There is a spontaneously natural feeling in the gesture that we completely lack in the picture by Garofalo, whom his contemporaries called “the Raphael of Ferrara”. This may also be due to the fact that Cranach stages the event in the vernacular of the people and staffs it with his contemporaries while the Italian Master stages it in the language of Cicero alla Romana. The scene is a pillared hall above a staircase covered by a coffered barrel vault. The clothes are Roman, or at least try very hard to appear so. The play itself is nobly classicizing, and measuredly festive. We don’t have to wonder for long why this picture seems so suspiciously familiar. Garofalo composed a miniaturized version on some of leading motifs of the School of Athens. Whoever delights in variety has no cause for complaint. In this picture there are young and old, attractive and ugly, enthusiastic youth and stern soldier, evil Pharisee and benevolent apostle. Ever since Leonardo’s Last Supper made it so evident, it is accept truth that Christ’s words deeply affected the multitudes. The restlessness increases toward the back and culminates in the figures climbing up the columns. As I have already mentioned, in contrast with Garofalo, Cranach was completely indifferent to the well known fact that the gospel story took place in one of the provinces of the former Roman Empire. Yet the relationship between the artist and the subject is much closer in his work and he grasped more of what we might call, for lack of better term, the eternally human. While Garofalo tries to be faithful to the period of the event, he not only separates the viewer from the action in time but estranges him from the human content of the scene as well.
Polidoro da Lanciano: Christ and the Adulteress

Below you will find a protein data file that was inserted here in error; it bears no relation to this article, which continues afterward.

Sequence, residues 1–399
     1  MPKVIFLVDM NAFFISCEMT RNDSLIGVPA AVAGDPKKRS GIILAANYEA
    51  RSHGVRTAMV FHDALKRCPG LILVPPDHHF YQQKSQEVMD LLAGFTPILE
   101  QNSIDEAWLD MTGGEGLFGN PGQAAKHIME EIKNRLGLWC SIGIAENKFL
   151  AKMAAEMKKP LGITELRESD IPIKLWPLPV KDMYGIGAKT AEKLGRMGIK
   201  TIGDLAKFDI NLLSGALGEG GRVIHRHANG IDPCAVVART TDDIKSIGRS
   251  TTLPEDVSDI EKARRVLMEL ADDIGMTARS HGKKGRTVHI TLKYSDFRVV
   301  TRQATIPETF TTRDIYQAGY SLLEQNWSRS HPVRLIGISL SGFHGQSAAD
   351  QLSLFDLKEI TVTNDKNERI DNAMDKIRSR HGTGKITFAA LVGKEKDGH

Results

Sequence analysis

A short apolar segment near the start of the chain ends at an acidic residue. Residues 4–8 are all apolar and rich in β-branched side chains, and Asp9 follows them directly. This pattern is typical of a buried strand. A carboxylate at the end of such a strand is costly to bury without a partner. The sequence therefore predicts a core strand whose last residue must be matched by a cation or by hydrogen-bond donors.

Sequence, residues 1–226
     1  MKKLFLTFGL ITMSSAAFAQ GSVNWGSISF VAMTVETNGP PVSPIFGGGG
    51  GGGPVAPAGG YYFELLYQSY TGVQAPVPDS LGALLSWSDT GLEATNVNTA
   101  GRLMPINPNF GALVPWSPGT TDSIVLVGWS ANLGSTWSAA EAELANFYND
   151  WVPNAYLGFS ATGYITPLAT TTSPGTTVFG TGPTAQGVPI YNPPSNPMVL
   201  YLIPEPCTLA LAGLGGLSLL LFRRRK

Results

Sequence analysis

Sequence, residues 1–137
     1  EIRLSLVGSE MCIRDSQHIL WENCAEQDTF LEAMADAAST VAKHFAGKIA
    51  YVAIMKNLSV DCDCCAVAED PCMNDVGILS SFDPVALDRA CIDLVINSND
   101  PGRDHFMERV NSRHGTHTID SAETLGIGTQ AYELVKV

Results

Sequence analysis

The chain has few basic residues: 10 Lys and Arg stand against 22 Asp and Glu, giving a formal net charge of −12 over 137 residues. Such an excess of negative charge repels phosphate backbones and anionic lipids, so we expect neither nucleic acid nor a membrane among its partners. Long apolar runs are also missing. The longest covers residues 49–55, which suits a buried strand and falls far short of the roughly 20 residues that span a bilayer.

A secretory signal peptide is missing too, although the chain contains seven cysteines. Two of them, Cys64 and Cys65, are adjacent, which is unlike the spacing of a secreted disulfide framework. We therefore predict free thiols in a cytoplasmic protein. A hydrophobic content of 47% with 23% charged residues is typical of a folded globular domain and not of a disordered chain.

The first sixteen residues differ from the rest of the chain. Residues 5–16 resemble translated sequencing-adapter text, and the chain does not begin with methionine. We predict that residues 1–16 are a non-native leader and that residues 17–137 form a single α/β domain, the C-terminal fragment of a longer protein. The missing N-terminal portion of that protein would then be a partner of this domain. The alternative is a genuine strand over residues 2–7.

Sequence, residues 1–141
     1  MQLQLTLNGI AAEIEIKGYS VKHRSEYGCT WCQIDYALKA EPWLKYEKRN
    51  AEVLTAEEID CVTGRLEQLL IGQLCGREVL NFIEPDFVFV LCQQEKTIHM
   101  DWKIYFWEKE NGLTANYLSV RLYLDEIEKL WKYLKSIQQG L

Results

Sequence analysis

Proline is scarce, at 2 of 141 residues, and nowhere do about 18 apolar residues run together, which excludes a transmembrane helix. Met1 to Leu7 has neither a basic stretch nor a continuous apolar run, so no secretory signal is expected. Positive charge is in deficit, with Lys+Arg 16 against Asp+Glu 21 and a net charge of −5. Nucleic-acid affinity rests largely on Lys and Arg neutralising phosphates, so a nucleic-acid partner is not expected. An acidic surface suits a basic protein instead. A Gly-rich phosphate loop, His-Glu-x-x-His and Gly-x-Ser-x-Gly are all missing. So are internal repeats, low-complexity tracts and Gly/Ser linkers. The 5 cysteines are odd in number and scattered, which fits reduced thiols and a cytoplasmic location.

The motifs reminiscent of the period of the Roman Empire are not lacking in the picture by Polidoro da Lanciano, a pupil if Titian’s. The foreground is separated from the background, on the right by a fragment of the Colosseum arches. The soldier on the right wears a chased suit of armor. Between him and the man in the turban, there is a familiar face looking directly at us. We know it from its presence on the marble bust of the Emperor Vitellius. All these details were entered into the painting without pedantry, boasting or artificiality, because of their pictorial rather than historical importance. The painter understood Titian’s message. He could give the scene loftiness without endangering our emotional identification with the depicted event. His theatre is friendly and brings the actors and spectators close to each other and thus even the appearance of the patrons, two Venetian patricians, does not appear strange. The old man with the white beard, wearing the striped cloak, has a more important role than the two Pharisees demanding an accounting from Christ. In bringing Christ’s word to the attention of the adulterous woman with his gesture, he immediately becomes a figure embodying the continuity between the Old and New Testament and the common roots of the Christian and Jewish faiths. Christ need not take the central axis as in the Garofalo, to stand out among his environment. It is sufficient to see the light flare on his red tunic and blue coat and to see on his face that he listens only to an inner voice to the exclusion of everything else.